Nature and wildlife conservation organisations believe the mass roll out of the deadly poison bromadiolone could have catastrophic implications for birds and other wildlife and should not be approved.
“To see a mass roll out of this dangerous chemical being proposed now is extremely concerning” said Birdlife Australia Urban Birds Program Manager Holly Parsons.
The NSW Government is in the process of establishing free grain treatment sites across the rural areas most affected by the mice plague, pending Australian Pesticides and Veterinary Medicines Authority (APVMA) approval for the use of bromadiolone on crops.
Bromadiolone is known as a second-generation anticoagulant and kills animals by causing internal bleeding. It does not kill immediately or break down after it is ingested, meaning mice who have eaten it can be caught and eaten by other animals.
“The mice don’t die immediately, they slowly wonder around, sick, like ticking time bombs,” said Ms Parsons.
Birdlife Australia believe that if the NSW Government’s request is approved by the APVMA, unprecedented amounts of Bromadiolone will enter natural food chains and have a devastating effect on other animals.
Nature Conservation Council Chief Executive Officer Chris Gambian said “the conservation movement believes control of invasive species and feral pests is critical to the health of native ecosystems.
“We all sympathise with communities battling this mouse plague, communities that have only recently emerged from years of drought.
“The last thing anybody wants is to make a bad situation worse by using chemicals that will poison wildlife food chains and potentially kill farm animals like working dogs and house cats.
“We must also ensure that native eagles, owls and reptiles don’t become collateral damage in the urgent battle to save crops and grain stores from this plague”, said Mr. Gambian.
The free grain treatment is part of the NSW Government’s $50 million support package to manage the impacts on regional communities, which also includes bait rebates for households and small businesses, community workshops and targeted pest research.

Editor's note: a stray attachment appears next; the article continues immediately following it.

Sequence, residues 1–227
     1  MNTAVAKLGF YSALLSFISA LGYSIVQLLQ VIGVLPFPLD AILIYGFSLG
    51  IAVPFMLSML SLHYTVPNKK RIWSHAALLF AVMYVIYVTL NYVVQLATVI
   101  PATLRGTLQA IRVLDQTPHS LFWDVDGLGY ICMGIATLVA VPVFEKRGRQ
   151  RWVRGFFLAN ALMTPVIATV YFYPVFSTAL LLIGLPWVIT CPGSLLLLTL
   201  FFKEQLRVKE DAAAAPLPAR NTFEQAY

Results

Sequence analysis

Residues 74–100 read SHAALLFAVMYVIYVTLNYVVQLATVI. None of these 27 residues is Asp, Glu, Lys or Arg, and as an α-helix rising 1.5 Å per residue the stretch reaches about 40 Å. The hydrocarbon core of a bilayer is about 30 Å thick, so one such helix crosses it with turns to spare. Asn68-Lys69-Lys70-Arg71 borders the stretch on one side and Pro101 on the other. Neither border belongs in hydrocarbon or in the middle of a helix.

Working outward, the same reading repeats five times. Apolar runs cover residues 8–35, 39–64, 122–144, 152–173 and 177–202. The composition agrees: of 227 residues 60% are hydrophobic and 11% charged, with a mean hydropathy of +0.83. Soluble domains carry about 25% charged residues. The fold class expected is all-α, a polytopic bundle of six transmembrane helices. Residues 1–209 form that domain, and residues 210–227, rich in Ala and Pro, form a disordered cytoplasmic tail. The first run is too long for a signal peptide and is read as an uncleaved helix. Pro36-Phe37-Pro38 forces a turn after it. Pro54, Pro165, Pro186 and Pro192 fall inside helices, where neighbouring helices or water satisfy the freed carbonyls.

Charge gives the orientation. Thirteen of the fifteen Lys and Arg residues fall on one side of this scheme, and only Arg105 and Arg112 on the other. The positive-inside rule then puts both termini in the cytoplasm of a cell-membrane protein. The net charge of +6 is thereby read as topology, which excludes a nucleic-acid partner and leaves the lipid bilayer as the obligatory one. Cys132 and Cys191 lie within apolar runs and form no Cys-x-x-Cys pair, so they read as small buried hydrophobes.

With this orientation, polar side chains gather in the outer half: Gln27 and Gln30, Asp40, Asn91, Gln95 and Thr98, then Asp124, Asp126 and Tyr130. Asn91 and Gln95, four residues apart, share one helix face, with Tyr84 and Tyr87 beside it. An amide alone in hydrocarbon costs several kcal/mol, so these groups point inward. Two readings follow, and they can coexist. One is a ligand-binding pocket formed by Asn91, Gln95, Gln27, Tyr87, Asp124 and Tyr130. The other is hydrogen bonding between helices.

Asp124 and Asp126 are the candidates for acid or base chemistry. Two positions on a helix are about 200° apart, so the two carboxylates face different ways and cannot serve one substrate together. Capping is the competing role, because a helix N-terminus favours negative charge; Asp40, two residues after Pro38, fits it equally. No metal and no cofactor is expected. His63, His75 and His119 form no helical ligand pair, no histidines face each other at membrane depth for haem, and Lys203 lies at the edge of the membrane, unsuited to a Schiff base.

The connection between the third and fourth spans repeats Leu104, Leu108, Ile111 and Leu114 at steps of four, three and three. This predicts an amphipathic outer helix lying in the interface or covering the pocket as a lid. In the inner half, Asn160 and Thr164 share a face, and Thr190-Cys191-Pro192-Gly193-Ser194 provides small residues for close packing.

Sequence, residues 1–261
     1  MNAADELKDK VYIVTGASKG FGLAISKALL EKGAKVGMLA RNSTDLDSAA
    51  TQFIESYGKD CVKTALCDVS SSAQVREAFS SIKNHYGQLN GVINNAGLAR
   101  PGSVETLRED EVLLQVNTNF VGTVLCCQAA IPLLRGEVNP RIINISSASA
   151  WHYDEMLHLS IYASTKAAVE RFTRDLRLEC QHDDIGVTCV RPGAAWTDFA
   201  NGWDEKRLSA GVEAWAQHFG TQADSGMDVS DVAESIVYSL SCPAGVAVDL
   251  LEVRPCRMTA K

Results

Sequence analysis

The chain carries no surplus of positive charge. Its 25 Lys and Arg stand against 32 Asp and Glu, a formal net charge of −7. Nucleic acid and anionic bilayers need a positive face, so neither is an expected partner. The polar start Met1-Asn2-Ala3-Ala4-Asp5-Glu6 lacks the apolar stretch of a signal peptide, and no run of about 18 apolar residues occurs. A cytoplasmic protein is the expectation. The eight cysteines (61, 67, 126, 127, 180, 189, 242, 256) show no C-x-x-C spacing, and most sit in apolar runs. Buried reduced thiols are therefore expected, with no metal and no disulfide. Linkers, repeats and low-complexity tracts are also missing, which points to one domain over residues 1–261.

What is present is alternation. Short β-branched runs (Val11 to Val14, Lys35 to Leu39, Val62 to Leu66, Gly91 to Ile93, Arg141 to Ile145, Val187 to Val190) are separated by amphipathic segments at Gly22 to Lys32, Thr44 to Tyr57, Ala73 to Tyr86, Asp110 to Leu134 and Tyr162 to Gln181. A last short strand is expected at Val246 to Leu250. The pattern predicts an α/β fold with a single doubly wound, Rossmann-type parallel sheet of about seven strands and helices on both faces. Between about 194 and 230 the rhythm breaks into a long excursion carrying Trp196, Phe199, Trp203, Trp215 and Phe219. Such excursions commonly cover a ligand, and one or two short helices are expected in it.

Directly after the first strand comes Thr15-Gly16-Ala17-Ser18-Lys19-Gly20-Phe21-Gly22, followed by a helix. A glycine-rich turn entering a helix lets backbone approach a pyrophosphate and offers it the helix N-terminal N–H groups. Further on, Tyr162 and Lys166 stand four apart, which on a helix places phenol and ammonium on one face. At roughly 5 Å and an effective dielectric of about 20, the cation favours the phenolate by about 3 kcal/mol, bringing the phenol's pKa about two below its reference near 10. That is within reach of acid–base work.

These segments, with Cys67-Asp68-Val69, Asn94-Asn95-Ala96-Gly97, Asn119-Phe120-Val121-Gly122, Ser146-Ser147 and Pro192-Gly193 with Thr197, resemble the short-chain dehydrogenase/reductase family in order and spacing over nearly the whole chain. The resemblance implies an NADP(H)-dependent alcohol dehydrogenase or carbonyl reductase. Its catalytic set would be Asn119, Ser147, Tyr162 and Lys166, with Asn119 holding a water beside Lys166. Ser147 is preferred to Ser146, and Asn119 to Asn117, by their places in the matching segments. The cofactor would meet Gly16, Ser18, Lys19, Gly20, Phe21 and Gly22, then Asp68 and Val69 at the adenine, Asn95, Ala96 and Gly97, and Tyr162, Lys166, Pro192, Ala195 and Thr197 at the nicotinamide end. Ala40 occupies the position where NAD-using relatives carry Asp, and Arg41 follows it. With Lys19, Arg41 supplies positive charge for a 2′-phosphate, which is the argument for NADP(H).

Minister for Agriculture Adam Marshall said farmers would be able to have their grain treated by the mice-killing chemical at the sites free of charge.
Conservation group BirdLife Australia have stated the need for mice plague control.
“Obviously measures need to be taken to combat the mouse plague and support regional communities, but there are other, less harmful chemicals available,” said Ms Parsons.
The Nature Conservation Council of NSW is urging the State Government “to use safer alternative to bromadiolone, including warfarin and coumatetralyl for home use and coumatetralyl and zinc phosphide for crops.”
Member for Tamworth Kevin Anderson has announced treatment sites in Tamworth and Gunnedah.
“I’ve been on the ground and seen the impact these vile vermin are having on our farming families. But the use of bromadiolone gives them another tool against the mice to use in conjunction with zinc phosphide and other methods.
“Our certified Local Land Services staff will be able treat farmers’ grain with bromadiolone free of charge so they can build a mice-free fortress to protect their paddocks. When used in conjunction with in-field zinc phosphide baiting, landholders will have a multi-layered defence against the rodents.
“The NSW Government has secured 5,000 locally-sourced litres of this mice-killing chemical. Now it is up to the APVMA to give us approval, once we get that we can start treating grain within days.
“We are working with the Federal Government to expedite this approval process,” said Mr Anderson.